Local educators, including a teacher and a few school board members from Umatilla County, echoed Galloway’s statement, noting regular attendance has been down and truancy has increased since the pandemic and Measure 110 began.

They pointed out that accountability and attendance in school are an important part of keeping students on track to graduate and be successful.

“The vast majority of the conversation in Salem has focused on adults in need of treatment,” Smith said after the session. “And today we were reminded multiple times not to forget our kiddos.”

Proposing ideas

Much of the comments in the listening session focused on the balance between accountability and compassion. People made comments suggesting consequences or how to pay for better treatment support.

Hermiston City Council President Doug Primmer proposed an incremental approach to punishment, such as for driving under the influence or cellphone use in a car.

“Keeping things illegal does stop some of the people, the casual users,” he said. “If we look at this from a stair-step approach, then we can possibly get the teeth back into the fact that we’re trying to fix a problem.”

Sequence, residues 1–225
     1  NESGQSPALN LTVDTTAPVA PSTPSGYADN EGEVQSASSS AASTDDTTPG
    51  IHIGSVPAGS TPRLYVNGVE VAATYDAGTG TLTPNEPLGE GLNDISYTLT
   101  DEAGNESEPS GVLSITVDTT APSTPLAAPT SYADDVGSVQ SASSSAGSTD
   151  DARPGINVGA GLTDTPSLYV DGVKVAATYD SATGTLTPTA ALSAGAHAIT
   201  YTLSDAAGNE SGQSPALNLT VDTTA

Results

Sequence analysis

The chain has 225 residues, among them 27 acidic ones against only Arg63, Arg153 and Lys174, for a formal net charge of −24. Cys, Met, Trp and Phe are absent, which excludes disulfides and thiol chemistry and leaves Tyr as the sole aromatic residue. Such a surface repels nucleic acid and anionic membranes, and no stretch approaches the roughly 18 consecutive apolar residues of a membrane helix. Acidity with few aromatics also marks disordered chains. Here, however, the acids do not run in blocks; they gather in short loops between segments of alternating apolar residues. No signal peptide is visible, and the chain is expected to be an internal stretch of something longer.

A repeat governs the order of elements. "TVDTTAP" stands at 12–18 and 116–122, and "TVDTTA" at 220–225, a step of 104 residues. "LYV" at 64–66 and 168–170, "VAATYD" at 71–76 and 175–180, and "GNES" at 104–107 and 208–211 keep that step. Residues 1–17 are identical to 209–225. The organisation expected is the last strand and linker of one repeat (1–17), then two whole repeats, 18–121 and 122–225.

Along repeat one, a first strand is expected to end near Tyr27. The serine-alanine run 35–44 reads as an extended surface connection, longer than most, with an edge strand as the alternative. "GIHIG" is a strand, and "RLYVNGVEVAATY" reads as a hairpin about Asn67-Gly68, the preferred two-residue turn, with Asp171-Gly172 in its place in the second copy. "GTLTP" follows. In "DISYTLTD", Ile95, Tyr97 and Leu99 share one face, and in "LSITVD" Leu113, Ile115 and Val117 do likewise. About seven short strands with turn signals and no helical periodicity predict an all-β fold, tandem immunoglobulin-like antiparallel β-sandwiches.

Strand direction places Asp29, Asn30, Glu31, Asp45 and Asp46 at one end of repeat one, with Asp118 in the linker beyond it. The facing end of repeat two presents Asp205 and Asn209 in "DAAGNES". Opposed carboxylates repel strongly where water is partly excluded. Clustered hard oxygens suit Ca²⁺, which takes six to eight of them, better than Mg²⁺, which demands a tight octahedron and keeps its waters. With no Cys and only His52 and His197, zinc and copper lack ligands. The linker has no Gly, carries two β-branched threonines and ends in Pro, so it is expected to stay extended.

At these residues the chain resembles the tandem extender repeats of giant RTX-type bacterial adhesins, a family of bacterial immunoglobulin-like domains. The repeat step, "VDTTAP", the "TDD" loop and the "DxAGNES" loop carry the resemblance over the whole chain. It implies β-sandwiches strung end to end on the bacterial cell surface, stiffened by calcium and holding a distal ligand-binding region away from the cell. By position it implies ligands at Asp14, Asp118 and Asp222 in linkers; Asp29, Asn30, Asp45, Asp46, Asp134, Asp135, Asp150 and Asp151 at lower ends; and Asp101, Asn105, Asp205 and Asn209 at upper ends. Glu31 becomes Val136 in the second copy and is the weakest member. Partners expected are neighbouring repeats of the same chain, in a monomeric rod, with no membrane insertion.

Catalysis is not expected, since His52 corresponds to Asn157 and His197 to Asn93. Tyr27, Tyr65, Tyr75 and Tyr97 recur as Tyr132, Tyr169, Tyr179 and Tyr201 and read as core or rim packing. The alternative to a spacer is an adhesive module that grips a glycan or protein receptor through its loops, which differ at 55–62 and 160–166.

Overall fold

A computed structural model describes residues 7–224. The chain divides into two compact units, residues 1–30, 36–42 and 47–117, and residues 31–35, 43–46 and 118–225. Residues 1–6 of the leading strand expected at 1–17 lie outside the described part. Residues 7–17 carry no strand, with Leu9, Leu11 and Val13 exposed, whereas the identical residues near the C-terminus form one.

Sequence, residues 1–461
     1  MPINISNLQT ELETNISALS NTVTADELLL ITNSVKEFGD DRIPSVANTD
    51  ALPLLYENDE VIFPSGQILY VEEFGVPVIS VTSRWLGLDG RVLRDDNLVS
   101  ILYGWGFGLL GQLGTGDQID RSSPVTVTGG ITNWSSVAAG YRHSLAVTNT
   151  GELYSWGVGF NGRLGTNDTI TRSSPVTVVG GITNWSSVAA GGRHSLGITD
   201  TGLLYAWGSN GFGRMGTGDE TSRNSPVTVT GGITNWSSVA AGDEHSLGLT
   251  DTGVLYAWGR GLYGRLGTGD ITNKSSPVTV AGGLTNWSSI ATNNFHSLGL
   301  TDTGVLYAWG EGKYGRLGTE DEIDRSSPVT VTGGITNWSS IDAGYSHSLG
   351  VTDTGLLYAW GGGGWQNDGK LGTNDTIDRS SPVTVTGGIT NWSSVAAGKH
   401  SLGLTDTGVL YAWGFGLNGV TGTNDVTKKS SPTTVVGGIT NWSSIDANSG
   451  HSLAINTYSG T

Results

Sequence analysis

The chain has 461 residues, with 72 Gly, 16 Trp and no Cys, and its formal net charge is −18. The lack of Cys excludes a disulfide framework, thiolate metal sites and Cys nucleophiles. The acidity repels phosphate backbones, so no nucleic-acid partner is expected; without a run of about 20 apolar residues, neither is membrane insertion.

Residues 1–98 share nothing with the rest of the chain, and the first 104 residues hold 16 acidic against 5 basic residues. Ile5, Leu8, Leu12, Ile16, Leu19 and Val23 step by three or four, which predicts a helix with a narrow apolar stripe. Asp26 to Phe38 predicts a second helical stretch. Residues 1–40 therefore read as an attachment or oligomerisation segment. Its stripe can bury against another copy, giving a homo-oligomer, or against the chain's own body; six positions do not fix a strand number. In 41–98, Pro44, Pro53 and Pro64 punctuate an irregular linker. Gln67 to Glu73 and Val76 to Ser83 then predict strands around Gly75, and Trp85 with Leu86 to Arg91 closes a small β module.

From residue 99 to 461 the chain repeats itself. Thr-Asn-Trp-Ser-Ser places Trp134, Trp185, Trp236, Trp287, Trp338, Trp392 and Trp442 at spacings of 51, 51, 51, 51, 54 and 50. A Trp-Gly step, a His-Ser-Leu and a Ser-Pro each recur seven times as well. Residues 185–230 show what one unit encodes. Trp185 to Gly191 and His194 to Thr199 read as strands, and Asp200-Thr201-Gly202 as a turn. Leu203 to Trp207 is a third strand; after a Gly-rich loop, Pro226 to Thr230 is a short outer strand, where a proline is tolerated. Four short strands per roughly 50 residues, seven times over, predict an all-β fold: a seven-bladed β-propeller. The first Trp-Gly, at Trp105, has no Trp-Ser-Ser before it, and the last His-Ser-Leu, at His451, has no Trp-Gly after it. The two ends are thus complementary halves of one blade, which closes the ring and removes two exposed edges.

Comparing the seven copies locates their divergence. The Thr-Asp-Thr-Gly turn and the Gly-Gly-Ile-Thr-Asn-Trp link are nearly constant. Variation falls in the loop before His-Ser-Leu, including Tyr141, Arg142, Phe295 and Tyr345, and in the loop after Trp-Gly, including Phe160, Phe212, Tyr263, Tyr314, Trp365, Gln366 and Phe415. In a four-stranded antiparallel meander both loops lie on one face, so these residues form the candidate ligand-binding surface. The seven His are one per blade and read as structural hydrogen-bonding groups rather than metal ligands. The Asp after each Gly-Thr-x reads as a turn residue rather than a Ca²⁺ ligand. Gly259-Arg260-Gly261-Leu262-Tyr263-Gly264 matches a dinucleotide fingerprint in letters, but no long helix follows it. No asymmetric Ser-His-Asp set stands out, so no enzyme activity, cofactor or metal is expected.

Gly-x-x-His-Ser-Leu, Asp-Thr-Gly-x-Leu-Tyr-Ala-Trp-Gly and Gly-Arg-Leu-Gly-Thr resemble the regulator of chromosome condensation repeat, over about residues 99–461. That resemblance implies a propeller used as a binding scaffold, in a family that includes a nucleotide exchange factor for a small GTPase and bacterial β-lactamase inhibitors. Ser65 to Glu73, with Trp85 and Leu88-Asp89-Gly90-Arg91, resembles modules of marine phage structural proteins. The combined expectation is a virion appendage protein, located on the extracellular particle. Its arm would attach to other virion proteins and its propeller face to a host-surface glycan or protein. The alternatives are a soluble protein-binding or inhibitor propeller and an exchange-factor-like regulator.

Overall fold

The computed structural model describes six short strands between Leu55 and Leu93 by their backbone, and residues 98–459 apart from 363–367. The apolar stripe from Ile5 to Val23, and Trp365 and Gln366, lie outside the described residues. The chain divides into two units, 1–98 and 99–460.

He added a funding idea, too: using money from charging for plastic grocery bags. Umatilla County Commissioner Dan Dorran made a similar suggestion after noting how much money people receive by returning cans or bottles to grocery stores.

Boardman Police Chief Rick Stokoe, said a lot of law enforcement officers support making possession a Class A misdemeanor because of the sanctions that go with it.

“The answer is not putting somebody in jail to get rid of their addiction process,” he said. “You have to want to stop. … It’s doable, but it doesn’t happen overnight.”

Instead of (or in addition to) jail, he advocated for more infrastructure, such as sobering centers like the crisis resolution centers Lindsay mentioned.

Without a mix of legal consequences and social support, Stokoe warned, overdose numbers are going to continue increasing.

Getting personal

Along with the big-picture ideas, some people offered personal accounts to Smith.